PARIS (Reuters) - French bank BNP Paribas (BNPP.PA) pledged to keep cutting costs and staff to cope with a flagging European economy after reporting a 45 percent drop in first-quarter net income on Friday.
France’s biggest listed bank, which is heavily exposed to the recession-hit euro zone, is in the early stages of a plan to save 2 billion euros ($2.6 billion) a year by 2015. The plan will cost 1.5 billion euros to implement.
“We are improving the efficiency of the retail business in France, tackling the cost base,” BNP Chief Executive Jean-Laurent Bonnafe told Reuters Insider television.
Shares of BNP rose 1.5 percent, to 43.51 euros, outperforming the STOXX 600 Europe banks index .SX7P, which was up 0.2 percent.
The first-quarter profit drop was not as bad as analysts feared, thanks to cost control and a better-than-forecast performance in retail loans.
“The company seems to us to be heavily undervalued despite its very solid financial structure, its relative resilience in a depressed European environment and its growth potential in Asia and the U.S.,” CM-CIC analyst Pierre Chedeville said in a note.
Other European lenders such as Germany’s Deutsche Bank (DBKGn.DE) and Switzerland’s UBS UBSN.VX are also in a push to cut costs and boost balance sheets in the face of tough post-crisis financial markets and a regulatory crackdown on risk.
Although BNP is ahead of the pack with a Tier 1 capital ratio of 10.0 percent under tougher Basel III rules, compared with 8.6 percent at Credit Suisse CSGN.VX and 8.9 percent at JPMorgan Chase (JPM.N), the bank is under pressure to show it can improve profits and grow outside the troubled euro zone.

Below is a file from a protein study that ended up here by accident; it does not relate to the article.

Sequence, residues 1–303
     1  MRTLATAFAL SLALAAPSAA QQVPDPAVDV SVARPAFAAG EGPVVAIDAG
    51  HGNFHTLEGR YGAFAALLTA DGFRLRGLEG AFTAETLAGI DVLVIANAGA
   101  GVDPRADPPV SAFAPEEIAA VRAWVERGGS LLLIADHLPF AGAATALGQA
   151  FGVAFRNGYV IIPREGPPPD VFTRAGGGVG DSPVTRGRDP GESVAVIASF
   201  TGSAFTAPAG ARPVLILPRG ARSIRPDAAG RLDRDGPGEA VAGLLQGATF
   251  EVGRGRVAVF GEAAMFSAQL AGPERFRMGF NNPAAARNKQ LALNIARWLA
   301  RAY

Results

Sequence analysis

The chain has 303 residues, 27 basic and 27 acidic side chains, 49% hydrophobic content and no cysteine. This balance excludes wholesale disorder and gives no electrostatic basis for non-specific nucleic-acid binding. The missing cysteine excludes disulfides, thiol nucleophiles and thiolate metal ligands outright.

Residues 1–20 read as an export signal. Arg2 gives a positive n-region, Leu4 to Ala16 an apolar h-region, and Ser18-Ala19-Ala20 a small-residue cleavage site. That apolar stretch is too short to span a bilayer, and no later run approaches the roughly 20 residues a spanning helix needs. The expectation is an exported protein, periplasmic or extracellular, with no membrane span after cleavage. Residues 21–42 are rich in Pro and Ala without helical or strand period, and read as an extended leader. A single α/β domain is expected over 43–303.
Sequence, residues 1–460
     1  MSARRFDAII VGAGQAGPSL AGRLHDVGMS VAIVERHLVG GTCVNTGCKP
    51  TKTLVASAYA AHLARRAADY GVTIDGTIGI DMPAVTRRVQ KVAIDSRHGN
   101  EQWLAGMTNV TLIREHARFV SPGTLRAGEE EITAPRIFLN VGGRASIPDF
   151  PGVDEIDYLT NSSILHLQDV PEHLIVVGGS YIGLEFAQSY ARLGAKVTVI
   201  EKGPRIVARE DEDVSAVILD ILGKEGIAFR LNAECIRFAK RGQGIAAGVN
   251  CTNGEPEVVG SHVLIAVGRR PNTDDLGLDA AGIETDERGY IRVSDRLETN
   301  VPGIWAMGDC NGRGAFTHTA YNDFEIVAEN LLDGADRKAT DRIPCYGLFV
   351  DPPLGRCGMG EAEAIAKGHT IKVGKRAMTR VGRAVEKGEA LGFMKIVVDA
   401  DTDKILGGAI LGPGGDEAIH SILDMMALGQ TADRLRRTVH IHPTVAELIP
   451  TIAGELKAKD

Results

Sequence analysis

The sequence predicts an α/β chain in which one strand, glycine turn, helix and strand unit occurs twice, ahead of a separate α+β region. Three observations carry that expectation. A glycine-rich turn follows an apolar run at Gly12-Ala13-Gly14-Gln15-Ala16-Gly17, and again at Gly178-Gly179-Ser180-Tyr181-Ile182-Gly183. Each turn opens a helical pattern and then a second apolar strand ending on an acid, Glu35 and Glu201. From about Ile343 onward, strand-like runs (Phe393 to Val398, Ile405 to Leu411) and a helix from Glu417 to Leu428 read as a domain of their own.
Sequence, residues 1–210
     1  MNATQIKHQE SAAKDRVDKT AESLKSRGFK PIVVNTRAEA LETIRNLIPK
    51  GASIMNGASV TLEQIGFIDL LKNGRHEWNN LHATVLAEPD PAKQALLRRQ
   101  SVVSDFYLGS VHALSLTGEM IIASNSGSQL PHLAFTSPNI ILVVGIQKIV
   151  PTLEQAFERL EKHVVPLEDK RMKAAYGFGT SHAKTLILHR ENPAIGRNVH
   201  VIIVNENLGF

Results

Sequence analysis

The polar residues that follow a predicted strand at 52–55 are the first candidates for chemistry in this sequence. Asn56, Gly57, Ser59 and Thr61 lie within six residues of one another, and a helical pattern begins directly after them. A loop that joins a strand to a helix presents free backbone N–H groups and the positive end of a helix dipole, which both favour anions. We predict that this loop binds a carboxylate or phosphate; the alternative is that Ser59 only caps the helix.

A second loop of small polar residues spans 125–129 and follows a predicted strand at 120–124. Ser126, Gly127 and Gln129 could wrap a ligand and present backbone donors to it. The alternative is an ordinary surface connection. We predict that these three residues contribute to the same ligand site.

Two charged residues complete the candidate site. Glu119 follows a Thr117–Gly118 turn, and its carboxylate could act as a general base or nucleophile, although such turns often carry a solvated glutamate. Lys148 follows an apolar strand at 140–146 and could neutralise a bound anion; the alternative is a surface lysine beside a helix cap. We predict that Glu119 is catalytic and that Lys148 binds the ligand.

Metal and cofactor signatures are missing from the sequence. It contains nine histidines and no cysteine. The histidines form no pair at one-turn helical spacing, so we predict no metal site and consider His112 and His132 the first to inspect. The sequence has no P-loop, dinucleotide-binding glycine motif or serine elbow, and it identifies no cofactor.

BNP said it had begun offering “early-retirement” plans for staff at its Belgian and Italian subsidiaries, without giving more details.
The bank is also preparing to launch a wholly online European bank to try to offset slowing growth at its retail branches. Union sources have said the bank is targeting 500,000 customers over five years.
BNP said its first-quarter earnings had fallen 44.8 percent to 1.58 billion euros ($2.1 billion) on the back of weakness in its domestic market and the rocky reaction of financial markets to the EU’s bailout of Cyprus.
This was not as bad as analysts’ expectations for 1.53 billion euros in net profit, according to an average of analyst forecasts compiled by Thomson Reuters I/B/E/S.
Revenues from capital-markets trading and sales, which are heavily geared towards bonds, other fixed-income products and currencies, fell 25.2 percent year-on-year. Retail-banking revenues and profits were broadly flat across the group.
Citing a better-than-expected performance in retail banking and BNP’s solid capital and liquidity cushion, Citigroup analyst Kinner Lakhani said shareholders were on track to receive higher dividend payouts.
“We continue to believe that with solid capital generation and focused growth, BNP Paribas confirms it is one of the best-placed banks in our universe to increase its dividend policy over time,” he said in a research note.
Praising the European Central Bank’s decision on Thursday to cut interest rates, CEO Bonnafe said it would spur growth without being a cure-all.
“(The rate cut) is a positive sign. It will not be an answer to all issues but it will be a good help to the economy,” he said.
BNP could also end up being a buyer of the state of Luxembourg’s 34-percent stake in its BGL subsidiary, added Bonnafe, without giving further details.
Luxembourg, which took a stake in the unit as part of BNP’s takeover of collapsed Benelux bank Fortis in 2008, said last month it wanted to sell the stake.
($1 = 0.7649 euros)
Editing by Edwina Gibbs and Mark Potter